Judge Says Botham Jean's Family Can't Sue PD Because It Wasn't A Police Shooting
Dallas, TX – A federal judge dismissed a lawsuit against the Dallas Police Department by the family of the man who was killed in his own apartment by former Dallas Police Officer Amber Guyger.
U.S. District Judge Barbara Lynn ruled on Dec. 23, 2019 that the city of Dallas could not be held liable for the off-duty shooting that left 26-year-old Botham Jean dead, CBS News reported.
In her ruling, the judge said that she was upholding a magistrate’s prior decision because the lawsuit failed "to state a claim upon which relief can be granted."
A jury convicted Guyger of murder on Oct. 1, 2019 after only five hours of deliberation.
The same jury sentenced her a day later to 10 years in prison.
The former police officer had been facing up to 99 years in prison for the crime.
Guyger was initially arrested on a manslaughter charge on Sept. 9, three days after she fatally shot Jean in his apartment.
Then-Officer Guyger was off-duty and returning home from work just after 10 p.m. on Sept. 6 when the incident occurred.
After having worked 14 hours serving warrants in high crime areas of the city, the 30-year-old officer parked on the wrong floor of the parking garage adjacent to her apartment building, WCAU reported.
The arrest affidavit said the garage levels correspond with the floors in the apartment complex. Officer Guyger lives on the 3rd Floor of the Southside Flats apartment complex, and should have parked on the 3rd floor where her apartment was.
But the off-duty officer parked on the 4th floor of the parking garage and proceeded into the building, where she went to the door of the apartment she believed to be her own and inserted her key.
The door to Jean’s apartment hadn’t shut and locked completely, and opened for Guyger.
She saw Jean inside the dark apartment and believed him to be a robber.
When he did not respond to her commands and came toward her, Guyger fatally shot him.
The former police officer didn’t realized she wasn’t in her own apartment until she turned on the lights after calling 911 for an ambulance.
Guyger maintained throughout her trial that she had done everything possible to save Jean after she mistakenly shot him, but the jury believed otherwise.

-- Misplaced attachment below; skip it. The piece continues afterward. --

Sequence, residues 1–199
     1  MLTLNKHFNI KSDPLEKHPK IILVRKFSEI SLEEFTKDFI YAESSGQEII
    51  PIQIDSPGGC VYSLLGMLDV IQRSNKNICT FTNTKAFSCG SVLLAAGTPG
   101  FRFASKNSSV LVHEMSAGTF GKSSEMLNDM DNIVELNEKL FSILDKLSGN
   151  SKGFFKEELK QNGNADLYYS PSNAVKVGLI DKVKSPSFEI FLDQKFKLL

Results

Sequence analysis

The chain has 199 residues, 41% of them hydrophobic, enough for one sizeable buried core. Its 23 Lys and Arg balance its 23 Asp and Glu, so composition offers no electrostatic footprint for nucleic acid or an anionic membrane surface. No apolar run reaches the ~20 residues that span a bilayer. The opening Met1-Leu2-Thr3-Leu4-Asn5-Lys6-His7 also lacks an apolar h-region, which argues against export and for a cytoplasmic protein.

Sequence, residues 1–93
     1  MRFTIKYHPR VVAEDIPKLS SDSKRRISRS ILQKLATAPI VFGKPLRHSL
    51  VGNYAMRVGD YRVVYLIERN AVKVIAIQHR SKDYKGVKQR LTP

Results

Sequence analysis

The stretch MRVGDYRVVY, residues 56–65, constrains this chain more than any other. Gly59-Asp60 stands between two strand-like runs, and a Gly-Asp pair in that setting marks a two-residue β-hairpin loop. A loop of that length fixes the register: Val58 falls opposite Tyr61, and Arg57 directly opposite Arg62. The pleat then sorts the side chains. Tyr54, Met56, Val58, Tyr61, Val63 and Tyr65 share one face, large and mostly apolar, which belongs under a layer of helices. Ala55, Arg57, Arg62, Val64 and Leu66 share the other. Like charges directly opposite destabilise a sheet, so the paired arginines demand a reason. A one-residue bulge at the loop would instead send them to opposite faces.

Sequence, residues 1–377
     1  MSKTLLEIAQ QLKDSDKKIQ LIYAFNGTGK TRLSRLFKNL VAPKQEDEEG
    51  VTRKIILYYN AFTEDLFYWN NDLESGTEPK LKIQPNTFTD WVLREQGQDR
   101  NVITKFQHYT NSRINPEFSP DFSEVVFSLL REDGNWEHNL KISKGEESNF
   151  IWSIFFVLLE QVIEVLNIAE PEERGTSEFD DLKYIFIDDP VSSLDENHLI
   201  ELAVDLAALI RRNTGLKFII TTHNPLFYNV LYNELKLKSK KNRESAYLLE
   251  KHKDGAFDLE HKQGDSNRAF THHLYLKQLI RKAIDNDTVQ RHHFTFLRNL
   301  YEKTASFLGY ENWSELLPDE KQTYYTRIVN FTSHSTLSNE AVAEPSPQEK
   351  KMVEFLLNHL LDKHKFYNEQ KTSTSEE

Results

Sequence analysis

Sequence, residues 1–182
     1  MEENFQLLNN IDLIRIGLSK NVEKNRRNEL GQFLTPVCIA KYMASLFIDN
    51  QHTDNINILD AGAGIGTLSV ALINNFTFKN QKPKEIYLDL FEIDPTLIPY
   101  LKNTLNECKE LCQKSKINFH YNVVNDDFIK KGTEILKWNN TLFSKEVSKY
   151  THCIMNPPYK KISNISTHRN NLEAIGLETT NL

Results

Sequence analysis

Prosecutors had pointed to text messages that the former police officer sent to her married lover, who was also a police officer, before medics arrived to render aid and said Guyger should have been utilizing the materials in her trauma kit to save Jean rather than texting her angst to a boyfriend.
The lawsuit filed by the family against the Dallas police alleged that Jean would still be alive if not for the shoddy training Guyger received from the police department, CBS News reported.
"By simply following proper police procedures and the best police practices and not the protocol of the DPD to 'shoot first and ask questions later', Defendant Guyger would have not shot Jean,” the family’s suit claimed, according to the Dallas Morning News.
"Essentially, Officer Guyger was ill-trained, and as a result, defaulted to the defective DPD policy: to use deadly force even when there existed no immediate threat of harm to themselves or others," the lawsuit read.
The judge’s decision wasn’t a surprise as legal experts had predicted the outcome, the Dallas Morning News reported.
Although Guyger was still in her Dallas police uniform when she shot Botham with her duty weapon, she was off-duty and not acting in a police capacity when the shooting occurred.
Legal experts said the fact that she was off-duty at the time of the incident would make the success of any lawsuit against the police department unlikely, the Dallas Morning News reported.